Original discrimination for the rats utilized in this experiment was established by Verplanck. Verplanck employed 4 groups of rats in his experiment. Rats from two of these groups were employed in the present research. Both of these groups (Verplanck’s Groups I and IV) were originally trained to make the black-white discrimination. Each rat in Group I had run 6 cycles daily, each cycle consisting of (a) one reinforced trial on the white alley and white food box and (b) three trials on the black alley and black food box. Each rat in Group IV had received the same training except that he was run for only 4 cycles daily. All rats, when they came to the present experiment, had received a total of 96 trials on the actual discrimination problem. This number does not include the preliminary training and acquisition trials before discrimination was introduced.

On the day that the reversal of discrimination was introduced, the rats were first run for 3 retention cycles. Following these cycles and on the same day, the rats ran for 3 cycles on the new discrimination problem. On the 3 succeeding days, 6 cycles per day were run. On the fifth day, data were collected for three cycles. All together, over a period of five days, the first reversal involved a total of 96 trials.

The first 3 cycles of the second reversal were instituted in the second half of the fifth day’s experimental session. During the next 4 days, 96 trials were completed by each rat on this reversal. Six cycles (or 24 trials) were run each day by each rat, an exception being the last day, on which only 3 cycles were completed.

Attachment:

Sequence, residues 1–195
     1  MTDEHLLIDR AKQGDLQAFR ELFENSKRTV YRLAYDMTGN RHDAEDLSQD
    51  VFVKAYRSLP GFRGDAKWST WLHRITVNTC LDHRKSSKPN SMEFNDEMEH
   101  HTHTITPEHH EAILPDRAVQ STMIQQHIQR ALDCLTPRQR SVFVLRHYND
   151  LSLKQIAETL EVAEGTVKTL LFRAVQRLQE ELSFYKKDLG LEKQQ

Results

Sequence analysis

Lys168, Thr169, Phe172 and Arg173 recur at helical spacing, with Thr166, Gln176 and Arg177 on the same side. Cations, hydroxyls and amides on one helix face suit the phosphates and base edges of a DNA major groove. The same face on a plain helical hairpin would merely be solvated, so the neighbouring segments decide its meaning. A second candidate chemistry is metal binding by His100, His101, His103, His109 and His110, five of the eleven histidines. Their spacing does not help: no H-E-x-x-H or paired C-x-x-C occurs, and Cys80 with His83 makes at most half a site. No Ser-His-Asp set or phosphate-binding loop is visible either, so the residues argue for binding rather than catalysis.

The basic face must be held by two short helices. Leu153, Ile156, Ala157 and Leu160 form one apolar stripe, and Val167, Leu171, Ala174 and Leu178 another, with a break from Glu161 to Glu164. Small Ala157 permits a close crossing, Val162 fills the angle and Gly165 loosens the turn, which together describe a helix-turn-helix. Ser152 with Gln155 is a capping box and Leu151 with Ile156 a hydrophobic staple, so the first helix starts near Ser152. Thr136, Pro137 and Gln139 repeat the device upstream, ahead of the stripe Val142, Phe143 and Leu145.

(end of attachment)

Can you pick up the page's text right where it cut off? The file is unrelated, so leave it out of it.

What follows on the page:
A complete trial consisted of the following sequence. The rat was placed in the starting box. As soon as the experimenter was ready, the door in front of the starting box was raised, so that the rat might run down the alley into the food box. If the rat entered the food box, the food-box door was dropped behind him. The animal was permitted to remain in the box and eat for one minute and 25 seconds. At the end of this interval, the food box was picked up and carried around to the other end of the apparatus. The rat was placed tail foremost in the starting box. Thirty-five seconds after the food box had been picked up, the door in front of the starting box was again opened, and another trial was begun. In the case of reinforced trials, the runway was turned over before the rat was taken back to the starting box, and food was placed in the food box. In the case of unreinforced trials, the runway was rattled and the can from which the food pellets were taken was moved about. This procedure was introduced so that the rat might receive no discriminative stimuli from these sources.